Paul Ryan's House Ads: Having His Cake And Eating It Too
Vice presidential candidate Paul Ryan began airing ads for his House seat in Wisconsin Wednesday, not in the hopes of winning an eighth term he'll never serve but rather as a strategy to keep the seat in Republican hands.
Ryan may appear to be hedging his bets (and admitting doubt in his own GOP ticket) by making sure he still has his old job to return to after the election. But Dr. Herbert Gooch, professor of political science at California Lutheran University, said running for two seats at once is a way for Ryan to keep his seat in party hands.
If Ryan wins the vice presidency, the appointee to temporarily fill the seat will be Republican. He would then have enormous political clout to influence the election for a permanent replacement. And if he loses, the GOP won't have needlessly lost a Congressional seat to a failed election. The method has proved succesful in the recent past.
"It may look like an escape route," Gooch said. "But eating your cake and having it, too is a stategy used by Biden and others."
Vice President Joe Biden ran a political ad for his Senate seat while he was Barack Obama's running mate in 2008. He was reelected to the Senate and his former Chief of Staff, Ted Kauffman, was appointed to fill his seat until another election could be held. Chris Coons, a Democrat, defeated Christine "I am not a witch" O'Donnell for Biden's seat in 2010.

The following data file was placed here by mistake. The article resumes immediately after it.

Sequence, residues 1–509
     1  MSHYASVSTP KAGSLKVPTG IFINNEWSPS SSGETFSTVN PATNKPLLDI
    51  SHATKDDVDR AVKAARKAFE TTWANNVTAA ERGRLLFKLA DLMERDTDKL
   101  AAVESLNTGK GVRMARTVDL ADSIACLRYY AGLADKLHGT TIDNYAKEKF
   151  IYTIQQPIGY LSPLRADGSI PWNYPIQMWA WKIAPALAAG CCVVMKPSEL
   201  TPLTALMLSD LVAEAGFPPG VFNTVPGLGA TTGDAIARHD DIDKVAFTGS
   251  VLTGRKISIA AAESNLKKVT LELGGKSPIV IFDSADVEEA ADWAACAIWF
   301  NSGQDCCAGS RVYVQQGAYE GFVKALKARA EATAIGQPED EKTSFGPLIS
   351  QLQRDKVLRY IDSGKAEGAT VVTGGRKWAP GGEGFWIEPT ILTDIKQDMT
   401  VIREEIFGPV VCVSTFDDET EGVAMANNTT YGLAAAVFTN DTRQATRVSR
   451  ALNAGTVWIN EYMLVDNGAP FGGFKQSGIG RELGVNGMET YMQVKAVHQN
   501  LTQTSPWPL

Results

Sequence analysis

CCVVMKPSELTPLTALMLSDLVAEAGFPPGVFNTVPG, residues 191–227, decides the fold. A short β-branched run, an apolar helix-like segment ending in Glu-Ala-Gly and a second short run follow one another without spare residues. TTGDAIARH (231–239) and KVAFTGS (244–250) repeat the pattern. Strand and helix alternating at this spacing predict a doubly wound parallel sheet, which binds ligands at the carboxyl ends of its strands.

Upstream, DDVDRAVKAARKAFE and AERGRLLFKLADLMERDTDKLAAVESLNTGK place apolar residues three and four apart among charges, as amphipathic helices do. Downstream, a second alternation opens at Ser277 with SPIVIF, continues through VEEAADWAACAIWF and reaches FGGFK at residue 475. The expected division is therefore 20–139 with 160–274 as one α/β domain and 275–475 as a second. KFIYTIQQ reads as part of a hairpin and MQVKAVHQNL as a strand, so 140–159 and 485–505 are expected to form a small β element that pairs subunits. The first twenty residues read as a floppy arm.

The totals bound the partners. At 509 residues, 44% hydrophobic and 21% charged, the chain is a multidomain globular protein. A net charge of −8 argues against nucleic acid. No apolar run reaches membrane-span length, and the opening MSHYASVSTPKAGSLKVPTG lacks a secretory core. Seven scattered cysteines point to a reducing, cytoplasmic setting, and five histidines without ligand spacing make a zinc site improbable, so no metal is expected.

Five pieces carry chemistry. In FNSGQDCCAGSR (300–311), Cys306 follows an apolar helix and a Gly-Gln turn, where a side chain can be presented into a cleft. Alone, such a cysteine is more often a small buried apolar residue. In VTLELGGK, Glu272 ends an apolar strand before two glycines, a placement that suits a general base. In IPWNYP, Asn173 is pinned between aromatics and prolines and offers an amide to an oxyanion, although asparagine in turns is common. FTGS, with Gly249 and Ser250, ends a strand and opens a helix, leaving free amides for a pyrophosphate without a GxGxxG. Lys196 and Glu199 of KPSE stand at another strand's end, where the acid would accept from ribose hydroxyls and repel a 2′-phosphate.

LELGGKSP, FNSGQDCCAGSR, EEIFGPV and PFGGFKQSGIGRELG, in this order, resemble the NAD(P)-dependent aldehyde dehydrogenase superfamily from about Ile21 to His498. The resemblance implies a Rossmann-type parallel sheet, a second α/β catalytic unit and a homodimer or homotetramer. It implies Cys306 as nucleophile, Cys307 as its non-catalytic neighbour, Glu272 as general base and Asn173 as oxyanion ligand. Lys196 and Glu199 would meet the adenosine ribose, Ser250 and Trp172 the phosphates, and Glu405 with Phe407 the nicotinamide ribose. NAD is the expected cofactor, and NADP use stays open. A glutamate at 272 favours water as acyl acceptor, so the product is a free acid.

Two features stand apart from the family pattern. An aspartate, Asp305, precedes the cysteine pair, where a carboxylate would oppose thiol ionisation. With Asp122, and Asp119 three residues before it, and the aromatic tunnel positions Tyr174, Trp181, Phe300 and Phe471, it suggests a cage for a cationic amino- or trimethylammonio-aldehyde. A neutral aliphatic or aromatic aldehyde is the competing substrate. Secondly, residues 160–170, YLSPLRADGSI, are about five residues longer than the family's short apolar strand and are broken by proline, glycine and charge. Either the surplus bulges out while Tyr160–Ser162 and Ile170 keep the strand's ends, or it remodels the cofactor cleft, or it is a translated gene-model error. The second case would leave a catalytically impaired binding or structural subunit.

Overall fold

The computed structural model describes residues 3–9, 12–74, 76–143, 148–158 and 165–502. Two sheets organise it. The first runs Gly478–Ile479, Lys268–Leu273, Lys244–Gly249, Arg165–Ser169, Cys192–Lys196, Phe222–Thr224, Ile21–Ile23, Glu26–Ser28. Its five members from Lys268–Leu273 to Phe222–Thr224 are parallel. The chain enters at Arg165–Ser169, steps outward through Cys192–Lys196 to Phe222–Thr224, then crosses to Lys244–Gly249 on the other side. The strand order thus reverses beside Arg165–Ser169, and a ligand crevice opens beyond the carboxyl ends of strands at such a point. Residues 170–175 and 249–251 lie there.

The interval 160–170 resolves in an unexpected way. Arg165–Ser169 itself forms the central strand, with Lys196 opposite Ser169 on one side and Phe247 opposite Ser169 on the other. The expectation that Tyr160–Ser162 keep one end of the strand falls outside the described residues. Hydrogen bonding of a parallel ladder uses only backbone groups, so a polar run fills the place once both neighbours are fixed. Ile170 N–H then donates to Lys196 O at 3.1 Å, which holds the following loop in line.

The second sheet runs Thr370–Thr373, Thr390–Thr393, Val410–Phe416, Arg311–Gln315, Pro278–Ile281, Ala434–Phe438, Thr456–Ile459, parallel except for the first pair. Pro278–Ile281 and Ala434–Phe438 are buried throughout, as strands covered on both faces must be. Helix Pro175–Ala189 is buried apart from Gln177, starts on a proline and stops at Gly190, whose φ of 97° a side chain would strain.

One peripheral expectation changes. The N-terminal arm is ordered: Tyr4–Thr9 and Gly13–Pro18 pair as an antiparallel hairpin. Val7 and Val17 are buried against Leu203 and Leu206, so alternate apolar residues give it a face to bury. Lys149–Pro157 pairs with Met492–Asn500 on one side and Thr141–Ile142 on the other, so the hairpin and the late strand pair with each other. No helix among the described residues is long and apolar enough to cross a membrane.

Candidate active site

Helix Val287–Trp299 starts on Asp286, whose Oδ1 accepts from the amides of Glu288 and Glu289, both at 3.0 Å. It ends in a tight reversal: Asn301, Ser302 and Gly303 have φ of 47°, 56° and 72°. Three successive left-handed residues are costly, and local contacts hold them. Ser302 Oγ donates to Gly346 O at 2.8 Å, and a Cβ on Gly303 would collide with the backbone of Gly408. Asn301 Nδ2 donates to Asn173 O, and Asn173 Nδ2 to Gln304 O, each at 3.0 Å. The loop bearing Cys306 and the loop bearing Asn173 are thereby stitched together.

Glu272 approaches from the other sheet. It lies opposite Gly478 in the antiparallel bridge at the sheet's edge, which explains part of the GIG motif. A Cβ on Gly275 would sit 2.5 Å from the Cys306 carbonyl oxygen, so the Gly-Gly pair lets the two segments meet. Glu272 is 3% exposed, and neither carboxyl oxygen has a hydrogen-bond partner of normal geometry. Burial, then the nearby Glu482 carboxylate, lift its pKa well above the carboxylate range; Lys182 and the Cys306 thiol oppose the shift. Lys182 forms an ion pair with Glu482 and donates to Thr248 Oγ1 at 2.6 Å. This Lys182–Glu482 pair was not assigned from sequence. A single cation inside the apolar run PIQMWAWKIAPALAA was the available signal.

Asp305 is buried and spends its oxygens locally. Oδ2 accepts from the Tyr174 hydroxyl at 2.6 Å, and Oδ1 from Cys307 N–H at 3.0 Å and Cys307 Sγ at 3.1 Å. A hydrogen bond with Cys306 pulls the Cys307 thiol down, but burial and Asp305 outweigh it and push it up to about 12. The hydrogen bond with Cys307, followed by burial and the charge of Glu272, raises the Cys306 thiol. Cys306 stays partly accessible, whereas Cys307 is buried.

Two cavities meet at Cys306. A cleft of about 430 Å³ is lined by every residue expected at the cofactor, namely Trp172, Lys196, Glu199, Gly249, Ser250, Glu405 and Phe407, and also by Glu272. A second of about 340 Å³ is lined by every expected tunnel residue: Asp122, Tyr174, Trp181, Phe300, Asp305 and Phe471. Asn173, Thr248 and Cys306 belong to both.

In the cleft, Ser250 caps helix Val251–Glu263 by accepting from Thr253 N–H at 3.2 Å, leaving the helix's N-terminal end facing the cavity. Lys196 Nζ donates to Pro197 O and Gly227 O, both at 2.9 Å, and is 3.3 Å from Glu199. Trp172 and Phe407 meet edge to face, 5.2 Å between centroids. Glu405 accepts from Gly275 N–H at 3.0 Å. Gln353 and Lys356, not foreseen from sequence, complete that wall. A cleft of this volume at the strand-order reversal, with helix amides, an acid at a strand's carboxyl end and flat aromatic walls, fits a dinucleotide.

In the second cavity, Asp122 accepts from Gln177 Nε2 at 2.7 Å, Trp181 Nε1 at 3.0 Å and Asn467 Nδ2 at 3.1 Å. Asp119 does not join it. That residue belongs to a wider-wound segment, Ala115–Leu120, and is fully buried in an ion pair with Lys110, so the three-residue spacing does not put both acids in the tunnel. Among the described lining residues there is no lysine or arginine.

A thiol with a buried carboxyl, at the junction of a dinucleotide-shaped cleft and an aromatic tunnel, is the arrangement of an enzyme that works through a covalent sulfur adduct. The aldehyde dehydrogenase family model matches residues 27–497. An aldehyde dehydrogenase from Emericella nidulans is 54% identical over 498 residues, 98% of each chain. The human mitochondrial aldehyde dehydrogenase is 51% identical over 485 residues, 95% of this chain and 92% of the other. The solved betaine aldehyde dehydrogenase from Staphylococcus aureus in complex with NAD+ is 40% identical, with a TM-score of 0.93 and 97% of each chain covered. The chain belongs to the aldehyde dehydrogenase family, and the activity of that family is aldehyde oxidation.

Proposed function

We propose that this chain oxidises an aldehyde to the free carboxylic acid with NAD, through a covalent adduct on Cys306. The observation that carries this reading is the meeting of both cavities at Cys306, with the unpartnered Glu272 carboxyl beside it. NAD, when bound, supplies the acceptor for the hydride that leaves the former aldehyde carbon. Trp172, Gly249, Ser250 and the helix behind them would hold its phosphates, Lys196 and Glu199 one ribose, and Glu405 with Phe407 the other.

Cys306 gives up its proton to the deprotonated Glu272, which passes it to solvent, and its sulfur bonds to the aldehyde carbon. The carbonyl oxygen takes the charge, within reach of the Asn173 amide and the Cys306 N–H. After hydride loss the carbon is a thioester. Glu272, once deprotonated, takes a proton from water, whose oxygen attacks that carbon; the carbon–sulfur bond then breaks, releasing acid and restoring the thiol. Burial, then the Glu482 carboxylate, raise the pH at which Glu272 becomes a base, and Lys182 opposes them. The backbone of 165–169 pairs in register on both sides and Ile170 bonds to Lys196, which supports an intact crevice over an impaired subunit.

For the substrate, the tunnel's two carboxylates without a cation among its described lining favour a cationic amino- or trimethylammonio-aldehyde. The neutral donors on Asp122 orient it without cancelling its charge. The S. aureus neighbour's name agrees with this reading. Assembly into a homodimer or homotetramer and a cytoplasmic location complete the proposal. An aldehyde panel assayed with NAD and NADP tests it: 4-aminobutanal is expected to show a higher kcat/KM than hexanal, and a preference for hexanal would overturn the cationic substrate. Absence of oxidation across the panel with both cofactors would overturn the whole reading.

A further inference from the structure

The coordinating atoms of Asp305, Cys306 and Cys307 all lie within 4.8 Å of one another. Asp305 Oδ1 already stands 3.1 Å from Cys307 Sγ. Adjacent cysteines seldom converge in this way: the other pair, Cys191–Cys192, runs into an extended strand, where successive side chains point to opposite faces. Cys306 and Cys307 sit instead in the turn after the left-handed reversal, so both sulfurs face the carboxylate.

Ryan's ad, like Biden's, is light on details but with more than $4 million in his campaign war chest, the extra advertising power may benefit his bid for VP, particularly because the generic nature of the ads make them as applicable to both races. It also helps Ryan flash his mug without costing the Romney campaign any additional money.
Simultaneous races mean simultaneous ad campaigns. The Republican National Committee released "It's Our Time" on Wednesday, as well. The ad protrays the Romney/Ryan campaign as a "grassroots initiative." According to August's fundraising totals, the campaign raised $111.6, of which $34.6 million came from donations under $250. Meanwhile, the average size of a donation to the Obama campaign was $58.
Ryan's ad was part of what is expected to be a $2 million fall media buy.